12. McVicar, Duncan & Rice, Patricia, 2000. "Participation in further education in England and Wales: an analysis of post-war trends," Discussion Paper Series In Economics And Econometrics 0014, Economics Division, School of Social Sciences, University of Southampton.
  13. Pissarides, Christopher A., 1989. "Unemployment consequences of an aging population: An application of insider-outsider theory," European Economic Review, Elsevier, vol. 33(2-3), pages 355-366, March.
  14. Wasmer, Etienne, 2001. "Measuring human capital in the labor market: The supply of experience in 8 OECD countries," European Economic Review, Elsevier, vol. 45(4-6), pages 861-874, May.
  15. Yoram Ben-Porath, 1967. "The Production of Human Capital and the Life Cycle of Earnings," Journal of Political Economy, University of Chicago Press, vol. 75, pages 352.
  16. Jovanovic, Boyan & Nyarko, Yaw, 1994. "The Transfer of Human Capital," Working Papers 94-25, C.V. Starr Center for Applied Economics, New York University.
  17. Mincer, Jacob, 1997. "The Production of Human Capital and the Life Cycle of Earnings: Variations on a Theme," Journal of Labor Economics, University of Chicago Press, vol. 15(1), pages S26-47, January.
  18. Saint-Paul, G., 1993. "On the Political Economy of Labor Market Flexibility," DELTA Working Papers 93-02, DELTA (Ecole normale supérieure).
  19. repec:oup:restud:v:51:y:1984:i:4:p:559-78 is not listed on IDEAS
  20. Nickell, S., 1991. "Wages, Unemployment and Population Change," Economics Series Working Papers 99122, University of Oxford, Department of Economics.
  21. Andrew Hildreth & Stephen Millard & Dale Mortensen & Mark Taylor, 1998. "Wages, work, and unemployment," Applied Economics, Taylor & Francis Journals, vol. 30(11), pages 1531-1547.
  22. Kevin Murphy & Mark Plant & Finis Welch, 1984. "Cohort Size and Earnings," UCLA Economics Working Papers 352, UCLA Department of Economics.
  23. repec:oup:restud:v:49:y:1982:i:5:p:825-44 is not listed on IDEAS
  24. repec:oup:qjecon:v:107:y:1992:i:4:p:1371-91 is not listed on IDEAS
  25. repec:fda:fdaddt:2000-02 is not listed on IDEAS
  26. Welch, Finis, 1979. "Effects of Cohort Size on Earnings: The Baby Boom Babies' Financial Bust," Journal of Political Economy, University of Chicago Press, vol. 87(5), pages S65-97, October.
  27. Nickell, Stephen & Bell, Brian, 1995. "The Collapse in Demand for the Unskilled and Unemployment across the OECD," Oxford Review of Economic Policy, Oxford University Press, vol. 11(1), pages 40-62, Spring.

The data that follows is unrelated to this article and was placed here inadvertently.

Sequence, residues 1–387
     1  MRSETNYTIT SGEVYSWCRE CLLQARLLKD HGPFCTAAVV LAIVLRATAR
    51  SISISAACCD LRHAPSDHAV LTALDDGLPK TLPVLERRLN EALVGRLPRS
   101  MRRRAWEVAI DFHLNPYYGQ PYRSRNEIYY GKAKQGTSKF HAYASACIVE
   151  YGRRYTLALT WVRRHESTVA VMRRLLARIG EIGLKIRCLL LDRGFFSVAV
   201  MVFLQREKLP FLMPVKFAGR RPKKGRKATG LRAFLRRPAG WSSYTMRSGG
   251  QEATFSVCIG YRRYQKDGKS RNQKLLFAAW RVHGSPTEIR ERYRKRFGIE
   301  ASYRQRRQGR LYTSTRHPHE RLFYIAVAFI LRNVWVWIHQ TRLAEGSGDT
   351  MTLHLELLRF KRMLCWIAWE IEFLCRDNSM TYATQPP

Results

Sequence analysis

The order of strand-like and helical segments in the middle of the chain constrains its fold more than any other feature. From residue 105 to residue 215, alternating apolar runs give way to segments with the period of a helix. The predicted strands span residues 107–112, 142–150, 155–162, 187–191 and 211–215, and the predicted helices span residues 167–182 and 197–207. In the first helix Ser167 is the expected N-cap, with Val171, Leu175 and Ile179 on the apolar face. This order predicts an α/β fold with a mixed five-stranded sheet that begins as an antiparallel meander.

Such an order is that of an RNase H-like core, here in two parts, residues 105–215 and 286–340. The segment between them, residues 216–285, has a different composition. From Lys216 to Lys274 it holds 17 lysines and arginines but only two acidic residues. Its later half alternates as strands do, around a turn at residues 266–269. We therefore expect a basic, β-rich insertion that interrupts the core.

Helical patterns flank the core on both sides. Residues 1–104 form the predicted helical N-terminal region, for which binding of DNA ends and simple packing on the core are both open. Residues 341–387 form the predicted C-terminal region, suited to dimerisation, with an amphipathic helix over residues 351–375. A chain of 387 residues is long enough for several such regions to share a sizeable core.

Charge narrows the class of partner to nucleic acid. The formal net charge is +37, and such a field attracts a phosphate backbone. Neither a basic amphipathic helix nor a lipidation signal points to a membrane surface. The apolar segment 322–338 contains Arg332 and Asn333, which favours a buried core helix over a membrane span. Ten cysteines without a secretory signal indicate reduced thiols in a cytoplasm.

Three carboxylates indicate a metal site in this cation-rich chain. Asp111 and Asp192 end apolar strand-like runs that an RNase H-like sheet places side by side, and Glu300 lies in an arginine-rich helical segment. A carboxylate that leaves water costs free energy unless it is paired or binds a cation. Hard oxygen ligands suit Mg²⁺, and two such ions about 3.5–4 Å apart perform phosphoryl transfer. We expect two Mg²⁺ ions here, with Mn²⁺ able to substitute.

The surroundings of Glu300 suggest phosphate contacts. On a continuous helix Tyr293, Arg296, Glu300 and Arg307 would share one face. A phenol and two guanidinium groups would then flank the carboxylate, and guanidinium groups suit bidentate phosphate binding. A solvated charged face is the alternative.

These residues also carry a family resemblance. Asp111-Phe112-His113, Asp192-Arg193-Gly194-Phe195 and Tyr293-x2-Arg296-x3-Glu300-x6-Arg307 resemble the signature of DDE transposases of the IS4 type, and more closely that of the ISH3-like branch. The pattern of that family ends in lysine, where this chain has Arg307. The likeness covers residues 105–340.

28. Peter Gottschalk, 1997. "Inequality, Income Growth, and Mobility: The Basic Facts," Journal of Economic Perspectives, American Economic Association, vol. 11(2), pages 21-40, Spring.
  29. repec:oup:restud:v:61:y:1994:i:3:p:457-75 is not listed on IDEAS
Full references (including those not matched with items on IDEAS)

This item is not listed on Wikipedia, on a reading list or among the top items on IDEAS.

When requesting a correction, please mention this item's handle: RePEc:spo:wpmain:info:hdl:2441/8943. See general information about how to correct material in RePEc.

For technical questions regarding this item, or to correct its authors, title, abstract, bibliographic or download information, contact: (Spire @ Sciences Po Library)

If you have authored this item and are not yet registered with RePEc, we encourage you to do it here. This allows to link your profile to this item. It also allows you to accept potential citations to this item that we are uncertain about.

If references are entirely missing, you can add them using this form.

If the full references list an item that is present in RePEc, but the system did not link to it, you can help with this form.

If you know of missing items citing this one, you can help us creating those links by adding the relevant references in the same way as above, for each refering item. If you are a registered author of this item, you may also want to check the "citations" tab in your profile, as there may be some citations waiting for confirmation.

Please note that corrections may take a couple of weeks to filter through the various RePEc services.

This information is provided to you by IDEAS at the Research Division of the Federal Reserve Bank of St. Louis using RePEc data.